Hot or Cold: Which “Cider” You On?

Apple Cider_Labeled_FinalLeft: Hot spiced cider (my preference) Right: Cold spiced cider

Finally, the temperature is dropping and fall seems to have finally found its stride. There have even been a few stray snowflakes spotted in my area. As a winter-born Sagittarius, I love this time of the year. This is hands-down my favorite food season. Wait. What? Food season? I absolutely love autumn and winter cooking–the jewel-colored produce, root vegetables, stews, soups, hearty dinners. I love it all. Oh, and did I mention apples?

I love apples–in savory and sweet dishes, desserts and soups. Recently, I went apple-picking and brought home more apples than seemed humanly possible to consume so I had to start somewhere. Nothing says autumn to me more than drinking hot spiced cider by the fire. (I occasionally like to pretend I’m the female protagonist in a Jane Austen novel.) On most chilly nights you can find my curled up on my couch under a blanket that may or may not be a Snuggie (I’ll never tell) watching one of those sappy chick flicks (I’m looking at you Reese Witherspoon) with a huge mug of hot cider in my hand. And, yes, spiced cider can be served cold but people who prefer it that way are weirdos. I’m kidding. (Sort of.)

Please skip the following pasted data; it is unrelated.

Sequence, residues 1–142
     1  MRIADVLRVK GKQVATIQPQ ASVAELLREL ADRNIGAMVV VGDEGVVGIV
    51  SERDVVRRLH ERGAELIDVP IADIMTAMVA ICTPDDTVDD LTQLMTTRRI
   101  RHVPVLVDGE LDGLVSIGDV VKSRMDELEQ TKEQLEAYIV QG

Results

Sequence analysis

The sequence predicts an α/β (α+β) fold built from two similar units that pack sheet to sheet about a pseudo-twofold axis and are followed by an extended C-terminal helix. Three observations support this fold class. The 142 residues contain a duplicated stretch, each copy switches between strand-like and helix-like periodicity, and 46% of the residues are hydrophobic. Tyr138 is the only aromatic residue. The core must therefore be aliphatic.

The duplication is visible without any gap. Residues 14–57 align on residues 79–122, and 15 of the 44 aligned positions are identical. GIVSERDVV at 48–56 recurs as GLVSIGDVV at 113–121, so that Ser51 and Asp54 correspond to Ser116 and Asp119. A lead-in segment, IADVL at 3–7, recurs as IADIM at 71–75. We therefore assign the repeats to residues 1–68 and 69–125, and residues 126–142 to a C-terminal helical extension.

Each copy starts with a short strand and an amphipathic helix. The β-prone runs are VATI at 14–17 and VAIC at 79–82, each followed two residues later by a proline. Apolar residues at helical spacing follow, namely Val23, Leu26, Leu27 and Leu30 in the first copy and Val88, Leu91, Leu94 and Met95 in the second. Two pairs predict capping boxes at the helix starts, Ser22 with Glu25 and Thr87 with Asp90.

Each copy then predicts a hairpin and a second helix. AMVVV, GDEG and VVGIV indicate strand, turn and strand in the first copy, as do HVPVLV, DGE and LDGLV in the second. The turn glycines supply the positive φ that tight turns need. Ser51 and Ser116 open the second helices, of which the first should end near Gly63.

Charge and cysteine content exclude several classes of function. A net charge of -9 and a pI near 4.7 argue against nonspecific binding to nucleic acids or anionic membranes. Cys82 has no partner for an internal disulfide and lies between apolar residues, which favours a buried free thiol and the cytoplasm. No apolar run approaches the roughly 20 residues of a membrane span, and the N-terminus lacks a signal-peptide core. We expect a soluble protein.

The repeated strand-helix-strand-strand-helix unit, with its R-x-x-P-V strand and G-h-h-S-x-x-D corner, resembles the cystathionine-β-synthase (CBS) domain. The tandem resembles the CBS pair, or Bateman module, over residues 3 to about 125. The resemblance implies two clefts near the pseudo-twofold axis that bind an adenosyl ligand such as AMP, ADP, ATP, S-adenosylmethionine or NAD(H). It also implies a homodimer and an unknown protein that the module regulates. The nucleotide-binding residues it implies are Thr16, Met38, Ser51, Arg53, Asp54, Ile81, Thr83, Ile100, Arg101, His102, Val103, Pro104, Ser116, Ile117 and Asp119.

So, in the Great Cider Debate where do you fall?

Mulled Apple Cider


  • 36 - 40 Large Apples, mixed (such as Honeycrisp, Granny Smith, or Gala)
  • 3 Cinnamon sticks
  • 1 teaspoon Ground cinnamon
  • 1/4 teaspoon Freshly grated nutmeg
  • 3 Whole allspice berries
  • 1 tablespoon Whole cloves
  • 1 Orange (thinly sliced)
  • 6 - 8fl oz Dark rum (optional)


Step 1
Rinse apples well and cut into quarters. Using an electric juicer with a large bowl fitted underneath, press apples through to extract juice.
Step 2
Add juice and rum (optional) to a large pot and allow to simmer over low- to medium-heat; add spices, berries, cloves, cinnamon sticks and orange slices. (I added the whole berries and cloves directly to the pot, but you can also make a sachet by placing them in a bit of tied cheesecloth or use a tea ball infuser.)

* To pasteurize the cider (so that it will keep for approximately 3 weeks), heat to at least 160 degrees F. Otherwise, if not heated, cider will only keep for 1 week.
Step 3
Allow juice to simmer until thoroughly heated through. Remove from heat and strain through a colander. Pour into a heatproof glass container. Will yield approximately a gallon of juice.

About Iris "The Palate Princess" M.

I like to write. I like food. I like to write about food. Simple enough, right?


  1. December 9th, 2013 15:27

    So I’ve never made homemade cider and I had no idea you could do it at home. Do you feel it’s really worth it?

    For spiced cider I prefer hot. If it’s plain cider I don’t care either way.


    • Iris "The Palate Princess" M.
      December 9th, 2013 22:52

      Didn’t you just post a cider recipe on your site?? It’s super easy to make. I have a really powerful juicer that extracts just about every drop of juice from fruit–add the juice and some spices of your choice to a large pot and simmer until it reaches 160 degrees (if you want to pasteurize it so it keeps for more than a week) and, voila, you’re done.

      I totally feel like it’s worth it–we recently tasted some store-bought cider that was bitter and then we tasted a heavily spiced cider that left a metallic taste on our tongues, so I figured it was just best to make my own.


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